JACKI LYDEN, host:
As the days get brighter and the nights get shorter, a young cook's fancy turns lightly to thoughts of what's coming up in the garden, rhubarb.
Ms. NANCY BAGGETT (Cookbook Author): We're going to talk about rhubarb, and I always feel like the first batch I see, spring has finally come.
LYDEN: We're back in Nancy Baggett's kitchen on a lovely spring evening. Last time I was out here, we baked no-knead bread, but today's project is even simpler.
Ms. BAGGETT: We're going to make a fool.
LYDEN: A fool.
Ms. BAGGETT: Sort of like a trifle.
LYDEN: All right, great. I just want to say I hadn't realized that rhubarb was a spring vegetable, even though I remember picking it as a kid.
Ms. BAGGETT: It is spring, and in fact, it is a perennial. So the story goes in the 18th and 19th century, people were particularly happy to have it because it was one of the first things that came up in the garden.
LYDEN: And you have a lovely, lovely tray full of the stuff.
Ms. BAGGETT: It is. I have it in my yard, but it's not ready yet. So I had to buy what I could, and one of the things to keep in mind is when you get it out of your yard, it has huge, ruffled leaves. Usually they take them off when you buy them. They're already trimmed off. If not, just whack them right off and throw the leaves away. They have a lot of oxalic acid, and that means that they're not edible.
LYDEN: Oh, okay.
Ms. BAGGETT: Only the stalks are.
LYDEN: All right. Right.
Ms. BAGGETT: Okay.
Ms. BAGGETT: Shall we go ahead and get started on the fool?
LYDEN: Yes, yes, I'd love to.
Ms. BAGGETT: We've already rinsed them off. So we're just going to slit them lengthwise, and we'll need about three cups. And I should mention I'm just cutting them into maybe half-inch pieces going crosswise, and you're just going to stew it. And depending on the freshness of the rhubarb and the variety of rhubarb, it may take three or four minutes. You basically want a kind of a thick applesauce consistency. That's all we're looking for.
LYDEN: The stewing rhubarb reminds me of my grandmother, who made a similar concoction for us kids to pour over ice cream. But my grandmother never added strawberries. Nancy dumped a basket of berries into her food processor and chopped them coarsely.
Ms. BAGGETT: Okay. All we're going to do at this point is fold the coarsely pureed strawberries right into the cooled rhubarb.
LYDEN: The rhubarb and the strawberries will get whisked together with whipped cream and just a touch of vanilla yogurt to make the fool.
Ms. BAGGETT: Some experts think that the word fool, which is essentially just a puree of fruit and a whipped cream mixture, comes from the French verb fouler, which means to crush or press.
Ms. BAGGETT: But in not all cases is the mixture crushed or pressed. And so, I actually like the Oxford English Dictionary, which says, well, they're both old-fashioned desserts, and they actually date back to the 1500s and that the name trifle and fool are probably are both a bit of foolishness. And as you can see, it's nice and fluffy and foamy here.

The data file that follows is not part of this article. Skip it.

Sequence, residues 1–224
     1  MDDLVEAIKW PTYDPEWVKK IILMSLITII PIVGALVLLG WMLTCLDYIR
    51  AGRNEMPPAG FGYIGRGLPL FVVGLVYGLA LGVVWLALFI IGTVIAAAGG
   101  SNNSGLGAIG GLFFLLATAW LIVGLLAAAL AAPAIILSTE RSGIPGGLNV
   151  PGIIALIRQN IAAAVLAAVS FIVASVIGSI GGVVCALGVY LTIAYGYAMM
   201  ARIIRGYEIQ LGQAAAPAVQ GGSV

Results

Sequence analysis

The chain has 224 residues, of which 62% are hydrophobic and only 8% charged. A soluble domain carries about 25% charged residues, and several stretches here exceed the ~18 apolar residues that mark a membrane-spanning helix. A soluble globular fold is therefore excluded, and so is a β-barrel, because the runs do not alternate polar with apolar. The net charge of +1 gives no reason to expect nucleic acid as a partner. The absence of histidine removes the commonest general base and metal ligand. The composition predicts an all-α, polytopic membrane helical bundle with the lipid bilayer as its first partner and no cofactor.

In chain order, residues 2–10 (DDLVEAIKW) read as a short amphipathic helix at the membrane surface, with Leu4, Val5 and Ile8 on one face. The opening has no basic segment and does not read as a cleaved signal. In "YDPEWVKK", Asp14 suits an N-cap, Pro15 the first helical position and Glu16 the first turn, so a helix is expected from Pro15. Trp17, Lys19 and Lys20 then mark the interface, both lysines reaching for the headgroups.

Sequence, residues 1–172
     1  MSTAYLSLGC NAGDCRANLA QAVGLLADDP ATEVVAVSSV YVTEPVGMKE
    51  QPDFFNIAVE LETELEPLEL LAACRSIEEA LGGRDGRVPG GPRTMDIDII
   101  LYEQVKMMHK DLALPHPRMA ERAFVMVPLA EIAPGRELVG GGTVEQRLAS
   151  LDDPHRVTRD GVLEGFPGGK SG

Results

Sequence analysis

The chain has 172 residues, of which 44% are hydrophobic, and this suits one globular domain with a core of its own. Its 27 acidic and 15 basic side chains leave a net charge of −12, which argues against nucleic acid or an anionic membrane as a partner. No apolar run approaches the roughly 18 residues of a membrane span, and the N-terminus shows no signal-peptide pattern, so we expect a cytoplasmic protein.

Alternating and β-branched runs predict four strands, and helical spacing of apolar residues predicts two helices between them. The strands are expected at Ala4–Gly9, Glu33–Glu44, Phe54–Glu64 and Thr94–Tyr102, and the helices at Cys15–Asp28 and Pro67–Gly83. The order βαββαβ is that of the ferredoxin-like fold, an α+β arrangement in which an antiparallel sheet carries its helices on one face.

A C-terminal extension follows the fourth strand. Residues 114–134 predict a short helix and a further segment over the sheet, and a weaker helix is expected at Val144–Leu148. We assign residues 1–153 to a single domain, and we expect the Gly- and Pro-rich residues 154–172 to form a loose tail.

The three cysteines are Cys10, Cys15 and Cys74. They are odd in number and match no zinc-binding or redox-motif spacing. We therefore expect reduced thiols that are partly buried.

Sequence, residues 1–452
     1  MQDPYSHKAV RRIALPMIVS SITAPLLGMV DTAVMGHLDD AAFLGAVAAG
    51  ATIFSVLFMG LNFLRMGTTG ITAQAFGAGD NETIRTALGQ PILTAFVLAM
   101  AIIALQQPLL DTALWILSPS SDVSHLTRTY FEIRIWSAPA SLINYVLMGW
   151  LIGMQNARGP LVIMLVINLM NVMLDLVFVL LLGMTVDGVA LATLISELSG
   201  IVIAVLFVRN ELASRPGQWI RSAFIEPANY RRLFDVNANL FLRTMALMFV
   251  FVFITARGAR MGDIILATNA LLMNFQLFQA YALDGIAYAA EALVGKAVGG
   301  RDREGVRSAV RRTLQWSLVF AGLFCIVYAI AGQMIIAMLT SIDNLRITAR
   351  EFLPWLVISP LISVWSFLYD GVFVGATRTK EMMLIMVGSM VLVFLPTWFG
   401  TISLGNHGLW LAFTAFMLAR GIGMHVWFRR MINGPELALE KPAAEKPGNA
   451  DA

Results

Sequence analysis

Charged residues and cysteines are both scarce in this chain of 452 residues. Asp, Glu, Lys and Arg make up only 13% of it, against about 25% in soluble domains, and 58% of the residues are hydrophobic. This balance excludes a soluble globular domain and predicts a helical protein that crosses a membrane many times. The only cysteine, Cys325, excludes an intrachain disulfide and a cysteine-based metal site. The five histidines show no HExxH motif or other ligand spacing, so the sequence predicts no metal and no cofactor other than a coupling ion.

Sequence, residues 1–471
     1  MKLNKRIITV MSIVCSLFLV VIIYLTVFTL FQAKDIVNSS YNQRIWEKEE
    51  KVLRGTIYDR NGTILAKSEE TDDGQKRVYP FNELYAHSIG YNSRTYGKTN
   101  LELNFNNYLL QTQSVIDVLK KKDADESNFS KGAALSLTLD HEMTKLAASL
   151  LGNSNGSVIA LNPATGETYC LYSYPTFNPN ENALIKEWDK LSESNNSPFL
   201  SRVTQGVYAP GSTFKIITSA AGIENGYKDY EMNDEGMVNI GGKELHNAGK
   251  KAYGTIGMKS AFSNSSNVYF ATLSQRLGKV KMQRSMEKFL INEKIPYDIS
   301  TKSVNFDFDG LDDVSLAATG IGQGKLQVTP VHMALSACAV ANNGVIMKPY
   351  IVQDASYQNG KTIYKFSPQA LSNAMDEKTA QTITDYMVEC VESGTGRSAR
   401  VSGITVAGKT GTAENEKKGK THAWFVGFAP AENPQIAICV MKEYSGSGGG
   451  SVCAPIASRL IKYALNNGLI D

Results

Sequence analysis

LYDEN: Well, I always thought - I remember my first English trifle when I was a student back in the day, I was at Cambridge University, and I always thought that maybe somebody had dropped a pie - and I mean this is just complete whimsy - and stuck it back together with pudding and jam, and there you had your trifle.
Ms. BAGGETT: That - well, the real difference, and it's interesting, in the early literature, there's not much distinction made between whether it was a fool or whether it was a trifle. And if we had a trifle, according to modern definition, it would have to have pieces of cake.
LYDEN: Absolutely. Yellow cake.
Ms. BAGGETT: Yes, yellow cake.
LYDEN: Yellow cake.
Ms. BAGGETT: Maybe a pound cake or a sponge cake, but a yellow cake, if we were doing a tipsy parson.
LYDEN: A tipsy parson.
Ms. BAGGETT: A tipsy parson. That actually came on the scene a little later.
(Soundbite of laughter)
Ms. BAGGETT: And we don't know who the tipsy parson was. We can only speculate that - it, by the way, always has a lot of either sack or sherry or wine or maybe a liquor lacing the cake.
LYDEN: Okay, or rum.
Ms. BAGGETT: And so maybe if it were served at Sunday dinner when the parson came, and he ate too much of it, he would become tipsy. So I'm just going to spoon some of the strawberries, because you like that multi-colored kind of effect.
LYDEN: It's so pretty and so simple.
Ms. BAGGETT: And we need to have you try it.
LYDEN: Ah, the best, the best.
Ms. BAGGETT: Oh, hopefully.
LYDEN: This very one. All right. Well, will you have some with me?
Ms. BAGGETT: I will.
LYDEN: We can be two girls eating a sundae.
Ms. BAGGETT: Absolutely. Light.
LYDEN: It's light.
Ms. BAGGETT: Not too sweet.
Ms. BAGGETT: And doesn't that say spring in every bite?
LYDEN: It really does.
Well, guess who I'm having over for dinner Monday night?
Ms. BAGGETT: I have no idea.
LYDEN: NPR's Sylvia Paggioli.
Ms. BAGGETT: Oh, okay.
LYDEN: And guess what she and her husband are getting?
Ms. BAGGETT: They're going to have strawberry rhubarb fool
LYDEN: Strawberry rhubarb fool in my back garden.
Nancy Baggett, thank you so much for having us out here tonight.
Ms. BAGGETT: You are welcome.
LYDEN: If you want to serve rhubarb and strawberry fools at your next garden party or any party, you can find Nancy Baggett's recipe on our Web site, npr.org.
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